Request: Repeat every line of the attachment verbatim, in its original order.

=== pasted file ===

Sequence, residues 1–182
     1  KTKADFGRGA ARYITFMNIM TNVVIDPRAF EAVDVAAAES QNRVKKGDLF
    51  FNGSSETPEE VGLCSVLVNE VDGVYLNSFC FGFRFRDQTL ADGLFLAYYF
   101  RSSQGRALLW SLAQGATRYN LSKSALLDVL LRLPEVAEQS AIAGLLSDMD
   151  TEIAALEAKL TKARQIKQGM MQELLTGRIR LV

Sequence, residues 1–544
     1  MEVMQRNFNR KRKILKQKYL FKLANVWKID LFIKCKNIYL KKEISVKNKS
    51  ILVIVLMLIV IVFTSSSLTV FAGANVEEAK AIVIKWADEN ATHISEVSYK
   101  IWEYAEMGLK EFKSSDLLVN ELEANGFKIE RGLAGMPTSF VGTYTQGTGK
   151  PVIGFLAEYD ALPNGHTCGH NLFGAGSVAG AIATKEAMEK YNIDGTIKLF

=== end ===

Sequence, residues 1–182
     1  KTKADFGRGA ARYITFMNIM TNVVIDPRAF EAVDVAAAES QNRVKKGDLF
    51  FNGSSETPEE VGLCSVLVNE VDGVYLNSFC FGFRFRDQTL ADGLFLAYYF
   101  RSSQGRALLW SLAQGATRYN LSKSALLDVL LRLPEVAEQS AIAGLLSDMD
   151  TEIAALEAKL TKARQIKQGM MQELLTGRIR LV

Sequence, residues 1–544
     1  MEVMQRNFNR KRKILKQKYL FKLANVWKID LFIKCKNIYL KKEISVKNKS
    51  ILVIVLMLIV IVFTSSSLTV FAGANVEEAK AIVIKWADEN ATHISEVSYK
   101  IWEYAEMGLK EFKSSDLLVN ELEANGFKIE RGLAGMPTSF VGTYTQGTGK
   151  PVIGFLAEYD ALPNGHTCGH NLFGAGSVAG AIATKEAMEK YNIDGTIKLF